Few companies can claim they altered the path of an entire medium but that’s exactly what Polaroid did in the 1950s, ’60s and ’70s to photography. Founded by Edwin H. Land in 1937, Polaroid was the Apple of its day and Land, the original Steve Jobs. The idea factory churned out iconic products such as the SX-70, the one-step instant camera that now resides in the Smithsonian Cooper-Hewitt, National Design Museum in New York City.
In his new book, “Instant: The Story of Polaroid,” Christopher Bonanos of New York chronicles the rise and fall of the company and details how it changed the way we save memories.
What made you want to write a book about Polaroid?
In 1983, when I was 14, I got my first camera, an old one from the ’50s that I bought in a junk shop. I started using it and there is something bewitching and strange about a picture you see right away. I used it on and off through college and beyond. Then in 2008, when Polaroid announced the very end of instant film production, there was a show going on at the Whitney [Museum of American Art] on Robert Mapplethorpe’s Polaroids. I wrote a little story for New York about this sort of moment when the medium was going away but it was also being celebrated in fine arts. I called up a bunch of Polaroid artists, people like Chuck Close who work in Polaroid film, and they were really angry about having this material taken away from them. It led me to discover that there was a Polaroid cult out there of artists, enthusiasts and people who just love this old way of making pictures.
Your description of Edwin Land was reminiscent of Steve Jobs. In terms of innovation and design, was Polaroid the Apple of its day?
Land and Jobs were both just obsessed with making a product perfect. They both worked like crazy. They both really believed in locating a company at the spot where science and technology meet fine arts. And maybe most important of all they both felt that if you make a fantastic product that the world has never seen before, then the marketing and the selling will take care of itself. Land once said, “Marketing is what you do if your product is no good.”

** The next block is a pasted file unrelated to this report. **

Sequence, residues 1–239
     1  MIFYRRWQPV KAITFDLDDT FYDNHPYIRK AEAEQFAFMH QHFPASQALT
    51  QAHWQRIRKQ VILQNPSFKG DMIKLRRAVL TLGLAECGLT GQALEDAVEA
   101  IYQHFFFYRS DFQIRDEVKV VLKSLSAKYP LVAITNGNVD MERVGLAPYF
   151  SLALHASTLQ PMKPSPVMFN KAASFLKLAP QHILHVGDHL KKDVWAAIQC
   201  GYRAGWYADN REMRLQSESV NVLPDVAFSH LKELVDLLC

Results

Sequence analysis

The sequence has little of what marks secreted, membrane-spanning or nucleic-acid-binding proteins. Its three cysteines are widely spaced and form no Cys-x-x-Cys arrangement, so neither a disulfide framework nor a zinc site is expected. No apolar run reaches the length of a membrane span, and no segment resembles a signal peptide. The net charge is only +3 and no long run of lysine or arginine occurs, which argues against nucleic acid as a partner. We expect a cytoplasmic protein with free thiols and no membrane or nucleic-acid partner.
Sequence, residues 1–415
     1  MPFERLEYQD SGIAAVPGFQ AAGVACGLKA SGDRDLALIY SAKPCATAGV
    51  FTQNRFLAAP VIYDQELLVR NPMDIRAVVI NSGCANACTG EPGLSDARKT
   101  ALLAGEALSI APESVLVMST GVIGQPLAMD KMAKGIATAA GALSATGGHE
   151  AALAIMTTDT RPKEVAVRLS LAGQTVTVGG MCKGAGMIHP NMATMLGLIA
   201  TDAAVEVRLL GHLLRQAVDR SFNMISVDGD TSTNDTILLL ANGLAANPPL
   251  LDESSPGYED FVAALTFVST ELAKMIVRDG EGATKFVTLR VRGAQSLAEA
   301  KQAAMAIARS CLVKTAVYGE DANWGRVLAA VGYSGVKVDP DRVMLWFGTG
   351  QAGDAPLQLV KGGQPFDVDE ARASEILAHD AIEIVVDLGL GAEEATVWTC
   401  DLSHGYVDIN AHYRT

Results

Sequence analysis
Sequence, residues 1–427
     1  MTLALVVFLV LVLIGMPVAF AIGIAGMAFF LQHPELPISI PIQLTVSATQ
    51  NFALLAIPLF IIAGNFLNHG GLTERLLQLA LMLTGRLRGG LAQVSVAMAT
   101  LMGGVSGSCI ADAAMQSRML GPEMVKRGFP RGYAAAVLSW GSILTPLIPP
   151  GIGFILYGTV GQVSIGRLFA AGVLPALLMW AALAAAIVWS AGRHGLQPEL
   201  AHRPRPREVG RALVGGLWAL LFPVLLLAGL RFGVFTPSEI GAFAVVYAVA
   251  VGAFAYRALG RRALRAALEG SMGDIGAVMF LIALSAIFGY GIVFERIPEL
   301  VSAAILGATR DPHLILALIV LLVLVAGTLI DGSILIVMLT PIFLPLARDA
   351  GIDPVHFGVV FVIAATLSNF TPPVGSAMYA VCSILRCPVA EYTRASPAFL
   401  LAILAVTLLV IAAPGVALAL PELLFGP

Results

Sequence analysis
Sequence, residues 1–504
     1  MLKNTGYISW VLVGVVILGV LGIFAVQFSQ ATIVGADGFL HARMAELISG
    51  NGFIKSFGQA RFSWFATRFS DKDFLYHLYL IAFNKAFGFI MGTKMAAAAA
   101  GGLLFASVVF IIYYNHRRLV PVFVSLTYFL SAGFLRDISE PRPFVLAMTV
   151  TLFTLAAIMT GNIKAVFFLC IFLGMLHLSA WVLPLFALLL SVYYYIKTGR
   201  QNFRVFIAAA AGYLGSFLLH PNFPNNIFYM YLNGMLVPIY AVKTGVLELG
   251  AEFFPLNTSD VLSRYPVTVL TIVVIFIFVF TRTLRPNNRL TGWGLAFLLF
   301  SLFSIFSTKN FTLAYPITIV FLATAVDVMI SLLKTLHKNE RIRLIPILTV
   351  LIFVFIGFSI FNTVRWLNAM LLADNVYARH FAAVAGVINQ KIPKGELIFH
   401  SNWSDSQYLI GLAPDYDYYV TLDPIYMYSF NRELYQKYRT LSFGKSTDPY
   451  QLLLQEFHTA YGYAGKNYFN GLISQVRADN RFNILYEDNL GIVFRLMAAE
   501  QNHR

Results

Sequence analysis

Thirty years later they asked Jobs how much market research he was doing on whatever the Apple product was at the moment and he said, “We didn’t do any. None. It’s not the consumer’s job to know what he wants.” It’s the same philosophy. Land was one of Jobs’ first heroes and they met a few times in Cambridge. When Land was sort of nudged out of Polaroid and into retirement in 1982, Jobs was interviewed not too long after that and he said “That’s the dumbest thing I’ve ever heard. This man is a national treasure.”
Land made some pretty remarkable predictions for the future. He predicted cell phone photography and Instagram.
He may not have specifically seen exactly the device you have in your hand but he came pretty close. There’s a fantastic film of Land from 1970 where he’s explaining his vision of the future of photography as he saw it when he started the business in 1937. He said we’re a long way from a camera that will be like the telephone, something you use everyday like your pencil or your eyeglasses. Then what he does is he reaches into his breast pocket and he pulls out a wallet and he says, “It would be like a wallet” and the thing is black and about 7 inches long and 3 inches wide and he holds it up in front of his eyes vertically and it looks for all the world like he’s got a cell phone in his hand. Really, the thing he wanted was almost no impediment between the photographer and having the picture available to you. In the early days of Polaroid you had to pull-tabs and throw switches and things to make the processing procedure work, his goal all along had been, you click, it does everything and then you just see your picture. Effortless. A cell phone is about as close as you’re going to get to that.
Why did famous photographers such as Ansel Adams and Walker Evans like using Polaroids so much?